Authors' Guidelines

About SSMJ

Terms

Tips for authors

Preparing your manuscript

References

Useful publications

Submission and Publishing

Submission Checklist

About SSMJ

SSMJ is a free open access journal published quarterly online. It is listed on the African Journals Online (AJOL) and Directory of Open Access Journals (DOAJ).  SSMJ does not charge article processing or submission fees. See our aims and vision here

Terms

  • SSMJ is licensed under a Creative Commons Attribution - Noncommercial Works License (please read this). This means that you, the author, keep the copyright but give SSMJ a license to publish your article in the journal.
  • SSMJ is an Open Access Journal. This means that materials can be freely downloaded and shared for educational and non-commercial purposes without asking permission from the publisher or author.  If republished, text and pictures should be fully credited and cited and hyperlinked to the SSMJ website. Materials of copyright holders who are not the author cannot be republished without their permission.
  • The opinions, information and figures given in signed articles are the responsibility of the author/s and do not necessarily represent the views of the South Sudan Medical Journal. The author, not SSMJ, is responsible for any clinical guidance or statements published.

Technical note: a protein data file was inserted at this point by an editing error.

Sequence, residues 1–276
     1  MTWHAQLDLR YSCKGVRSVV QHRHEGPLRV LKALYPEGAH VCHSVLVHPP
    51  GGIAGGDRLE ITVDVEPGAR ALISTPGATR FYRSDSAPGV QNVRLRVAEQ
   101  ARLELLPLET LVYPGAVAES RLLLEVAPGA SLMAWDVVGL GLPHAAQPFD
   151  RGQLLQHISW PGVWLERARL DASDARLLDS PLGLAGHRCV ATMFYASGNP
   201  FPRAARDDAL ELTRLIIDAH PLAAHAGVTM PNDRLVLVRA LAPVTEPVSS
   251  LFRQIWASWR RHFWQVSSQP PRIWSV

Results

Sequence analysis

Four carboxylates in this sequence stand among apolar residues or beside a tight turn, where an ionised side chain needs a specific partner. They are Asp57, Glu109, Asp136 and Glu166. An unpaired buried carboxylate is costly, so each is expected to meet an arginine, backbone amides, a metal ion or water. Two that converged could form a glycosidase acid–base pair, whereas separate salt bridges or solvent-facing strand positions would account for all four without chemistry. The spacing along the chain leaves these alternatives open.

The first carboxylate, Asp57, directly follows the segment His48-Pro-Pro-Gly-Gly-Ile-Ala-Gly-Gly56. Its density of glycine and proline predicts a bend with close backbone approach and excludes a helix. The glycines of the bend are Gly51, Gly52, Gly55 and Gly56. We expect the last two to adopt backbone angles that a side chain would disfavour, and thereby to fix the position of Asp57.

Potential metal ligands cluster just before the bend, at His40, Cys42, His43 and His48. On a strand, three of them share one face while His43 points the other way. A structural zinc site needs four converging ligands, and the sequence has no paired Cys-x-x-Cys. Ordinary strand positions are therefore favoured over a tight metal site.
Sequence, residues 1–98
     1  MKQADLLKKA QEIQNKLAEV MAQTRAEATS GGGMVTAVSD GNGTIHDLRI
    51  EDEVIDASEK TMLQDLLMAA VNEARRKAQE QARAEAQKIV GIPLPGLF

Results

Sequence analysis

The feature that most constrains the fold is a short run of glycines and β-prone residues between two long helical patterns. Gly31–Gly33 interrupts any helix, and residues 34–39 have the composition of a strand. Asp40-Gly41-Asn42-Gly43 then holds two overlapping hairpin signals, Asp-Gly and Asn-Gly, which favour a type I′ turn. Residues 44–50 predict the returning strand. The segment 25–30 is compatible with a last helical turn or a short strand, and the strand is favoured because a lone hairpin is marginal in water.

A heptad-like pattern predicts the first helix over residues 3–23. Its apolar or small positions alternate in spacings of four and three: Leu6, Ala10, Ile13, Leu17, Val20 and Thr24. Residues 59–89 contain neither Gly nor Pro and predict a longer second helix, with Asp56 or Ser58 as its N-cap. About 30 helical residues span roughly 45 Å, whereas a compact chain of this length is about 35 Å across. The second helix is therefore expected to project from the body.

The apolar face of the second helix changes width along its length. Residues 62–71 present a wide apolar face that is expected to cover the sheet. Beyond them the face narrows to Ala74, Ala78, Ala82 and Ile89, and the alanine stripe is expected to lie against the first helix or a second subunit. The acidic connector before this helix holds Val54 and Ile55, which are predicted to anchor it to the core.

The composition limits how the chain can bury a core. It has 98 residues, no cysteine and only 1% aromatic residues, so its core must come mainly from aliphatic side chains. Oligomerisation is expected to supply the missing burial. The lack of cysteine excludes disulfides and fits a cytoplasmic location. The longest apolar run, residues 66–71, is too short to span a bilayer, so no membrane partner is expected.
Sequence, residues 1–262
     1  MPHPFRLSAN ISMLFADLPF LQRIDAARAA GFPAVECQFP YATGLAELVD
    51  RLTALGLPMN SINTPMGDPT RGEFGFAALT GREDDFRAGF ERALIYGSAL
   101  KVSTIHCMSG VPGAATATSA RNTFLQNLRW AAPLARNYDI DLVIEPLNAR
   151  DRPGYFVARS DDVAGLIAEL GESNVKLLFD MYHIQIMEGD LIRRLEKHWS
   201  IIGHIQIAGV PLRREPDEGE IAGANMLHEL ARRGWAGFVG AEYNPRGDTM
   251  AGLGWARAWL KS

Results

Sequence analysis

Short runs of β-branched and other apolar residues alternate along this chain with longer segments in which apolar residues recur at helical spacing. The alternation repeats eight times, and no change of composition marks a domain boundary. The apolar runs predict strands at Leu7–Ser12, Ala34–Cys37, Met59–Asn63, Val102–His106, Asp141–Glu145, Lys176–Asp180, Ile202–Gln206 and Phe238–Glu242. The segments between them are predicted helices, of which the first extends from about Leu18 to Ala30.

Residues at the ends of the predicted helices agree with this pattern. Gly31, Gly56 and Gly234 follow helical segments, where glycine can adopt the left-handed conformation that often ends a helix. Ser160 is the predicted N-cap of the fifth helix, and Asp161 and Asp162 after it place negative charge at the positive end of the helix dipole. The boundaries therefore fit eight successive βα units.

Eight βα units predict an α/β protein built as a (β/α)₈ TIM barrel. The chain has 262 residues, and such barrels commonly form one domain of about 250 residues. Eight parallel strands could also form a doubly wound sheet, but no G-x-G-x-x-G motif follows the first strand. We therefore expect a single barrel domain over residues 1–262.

• For clinical research articles you must get ethical permission to publish. For research carried out in South Sudan, see Guidance for undertaking research in the Republic of South Sudan. You may need the patient’s/client’s permission.
  • Original articles must not be submitted simultaneously to other publications and must not have been accepted for publication elsewhere.

Tips for Authors before preparing your manuscript

  • SSMJ welcomes articles (e.g. Clinical guidelines, Case studies (see Guidelines on writing case reports), primary research, audits) and letters, book reviews and news items from health professionals working in South Sudan, or those with an interest in the country.
  • Your manuscript is more likely to be accepted if you follow our guidelines exactly; keep within the word and number of reference limits; prepare references in exactly the prescribed way; and have a clear message.  Remember short easy-to-read articles are most likely to be opened and cited. This video may help you. https://www.youtube.com/watch?v=Vky9PDKx5KU.
  • It is a good idea for authors to get an ORCID ID which distinguishes you from other researchers and makes your publications easy to find.

Preparing your manuscript

Please pay particular attention to guidelines written like this. Look at articles recently published in SSMJ for guidance.

  • Articles must be no longer than a total of 1500-2000 words – this includes references, tables, etc. Items of this length are more likely, than longer ones, to be accepted for publication, partly owing to space constraints, and partly because short items are more likely to be read.
  • We like boxes, tables and images to break up the text. Note: If you are unable, for word count reasons, to include all your useful data in your manuscript give a contact/link from which a reader can access it.